industry, employee talents are relatively easily transferred from one employer to another, and there is continual
      competitive activity to recruit talented individuals with valuable experience.

      Although there are some public companies with similar business models, mainly those within our Peer Group,
      some of the more comparable activities are conducted by private companies and partnerships, including private




34 Merrill Lynch 2007 Proxy Statement
equity firms and hedge funds. These entities actively compete for talented financial services professionals,
offering them highly attractive alternative compensation opportunities. There is also strong demand for senior
financial services professionals to manage the portfolio companies owned by private equity firms.

Recent trends in the structure and operating model of the financial industry have intensified the
competition for talented financial professionals.

The overall demand for experienced financial services professionals continues to grow as globalization has led to
capital markets expansion and innovation in both developed and emerging markets. In particular the demand for
scarce, specialist risk management, product development and trading skills has grown significantly as the
importance of capital deployment in global markets and investment banking activities has increased. Global
capital markets are expanding rapidly in sophistication, depth and diversity as financial services innovation is a
priority for most developing economies. This growth in financial markets is a key ingredient in the successful
development of the global economy and has led to increased demand for financial services professionals with
global experience and capabilities.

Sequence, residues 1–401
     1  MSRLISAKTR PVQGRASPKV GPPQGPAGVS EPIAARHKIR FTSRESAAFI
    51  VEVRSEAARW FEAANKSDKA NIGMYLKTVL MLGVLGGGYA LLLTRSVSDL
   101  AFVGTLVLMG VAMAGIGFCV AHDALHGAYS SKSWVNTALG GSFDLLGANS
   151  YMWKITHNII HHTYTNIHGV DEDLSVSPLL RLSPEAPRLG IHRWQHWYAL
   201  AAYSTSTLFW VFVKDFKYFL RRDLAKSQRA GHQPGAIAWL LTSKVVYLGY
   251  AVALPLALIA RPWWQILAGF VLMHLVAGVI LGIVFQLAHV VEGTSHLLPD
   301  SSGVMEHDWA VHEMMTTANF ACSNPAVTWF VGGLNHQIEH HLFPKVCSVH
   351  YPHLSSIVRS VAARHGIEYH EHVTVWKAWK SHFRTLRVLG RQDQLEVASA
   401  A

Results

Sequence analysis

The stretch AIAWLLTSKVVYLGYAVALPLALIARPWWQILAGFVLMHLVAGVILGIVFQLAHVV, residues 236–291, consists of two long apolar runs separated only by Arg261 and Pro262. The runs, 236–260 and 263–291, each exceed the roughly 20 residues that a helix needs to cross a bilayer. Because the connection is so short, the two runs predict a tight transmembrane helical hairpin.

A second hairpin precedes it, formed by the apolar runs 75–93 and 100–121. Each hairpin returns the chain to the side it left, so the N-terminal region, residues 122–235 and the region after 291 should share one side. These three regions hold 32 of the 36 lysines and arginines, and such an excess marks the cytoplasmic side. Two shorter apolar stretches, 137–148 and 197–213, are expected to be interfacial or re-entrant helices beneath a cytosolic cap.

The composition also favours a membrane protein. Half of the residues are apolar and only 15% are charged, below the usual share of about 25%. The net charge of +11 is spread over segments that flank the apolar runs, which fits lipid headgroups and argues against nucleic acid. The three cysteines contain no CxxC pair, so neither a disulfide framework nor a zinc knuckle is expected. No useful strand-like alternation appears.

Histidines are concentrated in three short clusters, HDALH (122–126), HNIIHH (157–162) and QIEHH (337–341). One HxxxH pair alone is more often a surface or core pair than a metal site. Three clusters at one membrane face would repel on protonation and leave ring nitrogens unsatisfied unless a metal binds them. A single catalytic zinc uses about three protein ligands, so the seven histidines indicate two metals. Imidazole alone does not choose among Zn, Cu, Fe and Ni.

New business models provide alternative, entrepreneurial opportunities for talented financial services
professionals. Examples include the growth in hedge funds (there are now more than 9,000 hedge funds
globally) and the development of independent financial advisors, both of which have benefited from
technological innovation that has lowered entry costs and enabled the efficient outsourcing of costly back-
office functions. With the emergence of these new business models, relationships between individuals are often
as important as relationships between institutions. The range of options for individuals and select teams is
sustaining growth in compensation levels and providing a new benchmark of entrepreneurial opportunity, often
within private organizations, against which many employees calibrate their career and compensation choices.

Technological innovation has also led to reduced margins in several traditional elements of the financial services
business so that increasingly, the success of our business is tied to employee-driven innovation in the deployment
of capital to generate incremental returns for clients and shareholders.

The competitive environment influences the structure, as well as the absolute level, of compensation for key
executives and producers.